Just two decades after discovering the first world beyond our solar system, astronomers are closing in on alien planet No. 1,000.
Four of the five main databases that catalog the discoveries of exoplanets now list more than 900 confirmed alien worlds, and two of them peg the tally at 986 as of Sept. 26. So the 1,000th exoplanet may be announced in a matter of days or weeks, depending on which list you prefer.
That's a lot of progress since 1992, when researchers detected two planets orbiting a rotating neutron star, or pulsar, about 1,000 light-years from Earth. Confirmation of the first alien world circling a "normal" star like our sun did not come until 1995. [The Strangest Alien Planets (Gallery)]
And the discoveries will keep pouring in, as astronomers continue to hone their techniques and sift through the data returned by instruments on the ground and in space.
The biggest numbers in the near future should come from NASA's Kepler space telescope, which racked up many finds before being hobbled in May of this year when the second of its four orientation-maintaining reaction wheels failed.
Kepler has identified 3,588 planet candidates to date. Just 151 of these worlds have been confirmed so far, but mission scientists have said they expect at least 90 percent will end up being the real deal.
But even these numbers, as impressive as they are, represent just the tip of our Milky Way galaxy's immense planetary iceberg. Kepler studied a tiny patch of sky, after all, and it only spotted planets that happened to cross their stars' faces from the instrument's perspective.
Many more planets are thus out there, zipping undetected around their parent stars. Indeed, a team of researchers estimated last year that every Milky Way star hosts, on average, 1.6 worlds — meaning that our galaxy perhaps harbors 160 billion planets.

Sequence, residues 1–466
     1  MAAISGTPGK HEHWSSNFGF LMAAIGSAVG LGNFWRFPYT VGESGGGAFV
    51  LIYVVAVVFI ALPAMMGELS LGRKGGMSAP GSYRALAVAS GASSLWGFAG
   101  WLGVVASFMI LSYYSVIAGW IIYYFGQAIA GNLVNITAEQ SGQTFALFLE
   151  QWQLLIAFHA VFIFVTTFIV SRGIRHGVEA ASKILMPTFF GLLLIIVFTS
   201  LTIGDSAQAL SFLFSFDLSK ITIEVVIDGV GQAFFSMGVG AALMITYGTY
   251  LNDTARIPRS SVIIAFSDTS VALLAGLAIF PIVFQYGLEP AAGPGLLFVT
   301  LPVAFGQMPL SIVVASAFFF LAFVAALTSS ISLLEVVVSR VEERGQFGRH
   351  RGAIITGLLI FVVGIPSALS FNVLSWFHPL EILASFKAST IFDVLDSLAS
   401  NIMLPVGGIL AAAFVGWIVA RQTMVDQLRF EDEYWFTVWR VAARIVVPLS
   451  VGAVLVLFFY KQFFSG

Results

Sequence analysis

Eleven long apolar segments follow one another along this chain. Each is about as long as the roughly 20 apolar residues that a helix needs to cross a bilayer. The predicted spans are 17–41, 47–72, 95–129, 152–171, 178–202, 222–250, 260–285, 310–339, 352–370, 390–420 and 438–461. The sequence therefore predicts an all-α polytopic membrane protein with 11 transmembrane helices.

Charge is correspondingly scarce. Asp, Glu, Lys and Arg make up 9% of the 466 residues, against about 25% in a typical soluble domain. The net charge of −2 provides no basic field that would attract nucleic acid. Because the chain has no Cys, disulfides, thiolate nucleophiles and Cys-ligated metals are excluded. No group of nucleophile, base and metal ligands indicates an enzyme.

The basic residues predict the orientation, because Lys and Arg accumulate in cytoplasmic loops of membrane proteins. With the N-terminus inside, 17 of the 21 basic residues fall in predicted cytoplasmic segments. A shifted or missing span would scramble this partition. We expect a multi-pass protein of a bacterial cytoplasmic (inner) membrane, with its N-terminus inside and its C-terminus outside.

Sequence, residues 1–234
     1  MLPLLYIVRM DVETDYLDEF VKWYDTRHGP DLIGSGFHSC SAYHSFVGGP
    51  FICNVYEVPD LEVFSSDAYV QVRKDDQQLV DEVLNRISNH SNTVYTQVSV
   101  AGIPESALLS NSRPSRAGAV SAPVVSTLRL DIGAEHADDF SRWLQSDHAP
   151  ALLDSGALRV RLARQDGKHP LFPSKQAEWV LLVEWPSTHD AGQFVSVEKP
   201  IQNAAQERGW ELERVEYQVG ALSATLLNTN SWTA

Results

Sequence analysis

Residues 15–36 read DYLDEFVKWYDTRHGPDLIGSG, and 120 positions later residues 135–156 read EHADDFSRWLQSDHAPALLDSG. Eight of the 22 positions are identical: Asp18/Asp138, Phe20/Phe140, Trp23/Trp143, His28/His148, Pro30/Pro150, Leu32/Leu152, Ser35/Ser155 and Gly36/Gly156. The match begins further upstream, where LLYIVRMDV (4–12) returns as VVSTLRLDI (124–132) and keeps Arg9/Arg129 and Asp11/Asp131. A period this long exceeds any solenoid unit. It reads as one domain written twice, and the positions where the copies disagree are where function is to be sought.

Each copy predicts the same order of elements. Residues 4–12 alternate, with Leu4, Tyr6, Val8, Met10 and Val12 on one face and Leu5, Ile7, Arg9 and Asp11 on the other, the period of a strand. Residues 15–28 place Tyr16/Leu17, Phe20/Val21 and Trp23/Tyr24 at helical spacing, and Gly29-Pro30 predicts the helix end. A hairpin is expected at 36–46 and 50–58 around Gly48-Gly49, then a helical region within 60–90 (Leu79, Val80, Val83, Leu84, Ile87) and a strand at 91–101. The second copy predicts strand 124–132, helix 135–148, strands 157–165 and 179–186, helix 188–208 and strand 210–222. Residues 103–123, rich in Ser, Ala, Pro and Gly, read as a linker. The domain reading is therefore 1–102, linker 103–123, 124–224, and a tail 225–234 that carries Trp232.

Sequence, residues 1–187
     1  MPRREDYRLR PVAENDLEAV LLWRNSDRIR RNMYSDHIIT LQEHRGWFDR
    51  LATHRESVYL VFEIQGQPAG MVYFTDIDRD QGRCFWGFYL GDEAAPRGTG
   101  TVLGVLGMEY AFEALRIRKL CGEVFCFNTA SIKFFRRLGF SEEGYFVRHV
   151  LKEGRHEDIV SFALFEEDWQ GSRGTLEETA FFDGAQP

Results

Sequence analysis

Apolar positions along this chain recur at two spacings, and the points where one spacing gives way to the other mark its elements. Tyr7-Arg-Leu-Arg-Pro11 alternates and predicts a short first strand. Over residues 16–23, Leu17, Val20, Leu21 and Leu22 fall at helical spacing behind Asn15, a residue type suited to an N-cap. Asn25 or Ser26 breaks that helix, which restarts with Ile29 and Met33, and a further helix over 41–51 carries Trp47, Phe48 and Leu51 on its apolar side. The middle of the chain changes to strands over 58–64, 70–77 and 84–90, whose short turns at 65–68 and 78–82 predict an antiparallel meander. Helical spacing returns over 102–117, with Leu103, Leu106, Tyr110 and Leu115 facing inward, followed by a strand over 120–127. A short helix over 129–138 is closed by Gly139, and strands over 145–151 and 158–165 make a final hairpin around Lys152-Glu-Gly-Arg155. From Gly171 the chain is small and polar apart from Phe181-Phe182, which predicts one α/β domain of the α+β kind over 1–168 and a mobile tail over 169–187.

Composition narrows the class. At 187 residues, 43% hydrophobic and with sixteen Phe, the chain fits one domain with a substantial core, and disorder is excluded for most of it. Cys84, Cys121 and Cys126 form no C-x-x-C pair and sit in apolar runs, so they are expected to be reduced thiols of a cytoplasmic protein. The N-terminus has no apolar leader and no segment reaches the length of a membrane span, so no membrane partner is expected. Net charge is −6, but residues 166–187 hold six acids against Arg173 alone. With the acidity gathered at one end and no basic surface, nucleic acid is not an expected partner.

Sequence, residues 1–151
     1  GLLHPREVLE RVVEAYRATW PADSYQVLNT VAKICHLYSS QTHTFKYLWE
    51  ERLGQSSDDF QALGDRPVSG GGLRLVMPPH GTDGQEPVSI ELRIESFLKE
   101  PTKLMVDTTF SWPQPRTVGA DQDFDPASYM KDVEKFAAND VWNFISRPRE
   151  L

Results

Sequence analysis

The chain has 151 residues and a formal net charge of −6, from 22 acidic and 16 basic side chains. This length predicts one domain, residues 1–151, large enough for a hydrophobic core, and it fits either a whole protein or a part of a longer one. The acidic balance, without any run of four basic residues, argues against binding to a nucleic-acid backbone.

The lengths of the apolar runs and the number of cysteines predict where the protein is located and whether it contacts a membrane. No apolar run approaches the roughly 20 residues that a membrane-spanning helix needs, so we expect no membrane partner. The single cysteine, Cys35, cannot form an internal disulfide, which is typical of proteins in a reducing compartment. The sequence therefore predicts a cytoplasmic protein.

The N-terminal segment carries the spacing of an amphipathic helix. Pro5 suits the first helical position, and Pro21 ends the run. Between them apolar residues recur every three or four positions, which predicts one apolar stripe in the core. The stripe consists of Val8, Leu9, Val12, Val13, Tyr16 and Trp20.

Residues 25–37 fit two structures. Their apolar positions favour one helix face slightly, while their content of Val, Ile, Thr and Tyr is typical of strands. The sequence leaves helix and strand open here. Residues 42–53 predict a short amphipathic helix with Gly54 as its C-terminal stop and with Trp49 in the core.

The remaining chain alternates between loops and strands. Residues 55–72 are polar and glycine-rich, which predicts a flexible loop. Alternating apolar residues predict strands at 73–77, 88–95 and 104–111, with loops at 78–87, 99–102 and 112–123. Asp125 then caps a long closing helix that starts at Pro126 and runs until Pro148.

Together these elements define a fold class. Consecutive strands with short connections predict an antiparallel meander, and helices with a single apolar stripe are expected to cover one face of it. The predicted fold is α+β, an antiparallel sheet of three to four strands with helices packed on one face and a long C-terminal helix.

And those are just the worlds with obvious parent stars. In 2011, a different research team calculated that "rogue planets" (which cruise through space unbound to a star) may outnumber "normal" exoplanets by 50 percent or so.
Nailing down the numbers is of obvious interest, but what astronomers really want is a better understanding of the nature and diversity of alien worlds.
And it's becoming more and more apparent that this diversity is stunning. Scientists have found exoplanets as light and airy as Styrofoam, for example, and others as dense as iron. They've also discovered a number of worlds that appear to orbit in their stars' habitable zone — that just-right range of distances that could support the existence of liquid water and thus, perhaps, life as we know it.
But the search continues for possibly the biggest exoplanet prize: the first true alien Earth. Kepler was designed to determine how frequently Earth-like exoplanets occur throughout the Milky Way, and mission scientists have expressed confidence that they can still achieve that primay goal. So some Earth analogs likely lurk in Kepler's data, just waiting to be pulled out.
The five chief exoplanet-discovery databases, and their current tallies, are: the Extrasolar Planets Encyclopedia (986); the Exoplanets Catalog, run by the University of Puerto Rico at Arecibo's Planetary Habitability Laboratory (986); the NASA Exoplanet Archive (905); the Exoplanet Orbit Database (732); and the Open Exoplanet Catalog (948).
The Planetary Habitability Lab keeps track of all five databases, whose different numbers highlight the uncertainties involved in exoplanet detection and confirmation.